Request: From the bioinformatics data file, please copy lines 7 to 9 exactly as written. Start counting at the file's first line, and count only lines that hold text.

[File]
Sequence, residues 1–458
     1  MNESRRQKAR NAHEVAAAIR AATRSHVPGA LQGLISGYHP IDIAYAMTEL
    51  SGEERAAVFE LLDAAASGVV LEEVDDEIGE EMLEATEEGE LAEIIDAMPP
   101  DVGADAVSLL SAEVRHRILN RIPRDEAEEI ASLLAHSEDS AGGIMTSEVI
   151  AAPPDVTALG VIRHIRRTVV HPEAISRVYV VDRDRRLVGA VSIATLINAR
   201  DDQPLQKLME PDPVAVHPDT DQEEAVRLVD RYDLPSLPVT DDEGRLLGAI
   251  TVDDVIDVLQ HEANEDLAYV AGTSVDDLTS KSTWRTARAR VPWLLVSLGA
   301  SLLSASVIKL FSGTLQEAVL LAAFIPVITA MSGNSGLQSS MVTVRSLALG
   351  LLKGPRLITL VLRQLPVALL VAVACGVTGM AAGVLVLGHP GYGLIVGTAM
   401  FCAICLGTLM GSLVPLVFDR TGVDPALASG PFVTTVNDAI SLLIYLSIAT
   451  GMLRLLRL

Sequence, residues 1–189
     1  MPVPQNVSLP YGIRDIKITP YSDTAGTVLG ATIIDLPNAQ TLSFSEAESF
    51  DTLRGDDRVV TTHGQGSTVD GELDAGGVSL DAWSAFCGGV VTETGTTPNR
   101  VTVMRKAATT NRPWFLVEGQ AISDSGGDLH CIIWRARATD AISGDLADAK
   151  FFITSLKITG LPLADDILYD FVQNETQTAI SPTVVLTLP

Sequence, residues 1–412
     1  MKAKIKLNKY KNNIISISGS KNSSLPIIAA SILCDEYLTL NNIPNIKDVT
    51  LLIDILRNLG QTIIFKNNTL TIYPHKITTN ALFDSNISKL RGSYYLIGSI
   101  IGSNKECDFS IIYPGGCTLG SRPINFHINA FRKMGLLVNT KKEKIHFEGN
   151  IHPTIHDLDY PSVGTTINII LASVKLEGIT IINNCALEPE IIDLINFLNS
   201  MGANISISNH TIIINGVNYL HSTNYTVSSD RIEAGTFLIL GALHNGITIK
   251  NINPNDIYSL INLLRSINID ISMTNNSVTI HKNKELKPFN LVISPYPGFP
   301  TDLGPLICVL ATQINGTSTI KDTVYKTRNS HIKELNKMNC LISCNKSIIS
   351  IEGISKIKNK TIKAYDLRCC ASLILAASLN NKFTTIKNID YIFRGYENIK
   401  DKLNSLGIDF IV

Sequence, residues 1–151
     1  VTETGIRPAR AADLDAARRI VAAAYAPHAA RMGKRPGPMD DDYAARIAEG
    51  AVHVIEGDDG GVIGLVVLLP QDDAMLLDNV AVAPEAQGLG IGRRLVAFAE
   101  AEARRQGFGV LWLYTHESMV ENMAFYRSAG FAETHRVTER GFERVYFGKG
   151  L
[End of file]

   251  TVDDVIDVLQ HEANEDLAYV AGTSVDDLTS KSTWRTARAR VPWLLVSLGA
   301  SLLSASVIKL FSGTLQEAVL LAAFIPVITA MSGNSGLQSS MVTVRSLALG
   351  LLKGPRLITL VLRQLPVALL VAVACGVTGM AAGVLVLGHP GYGLIVGTAM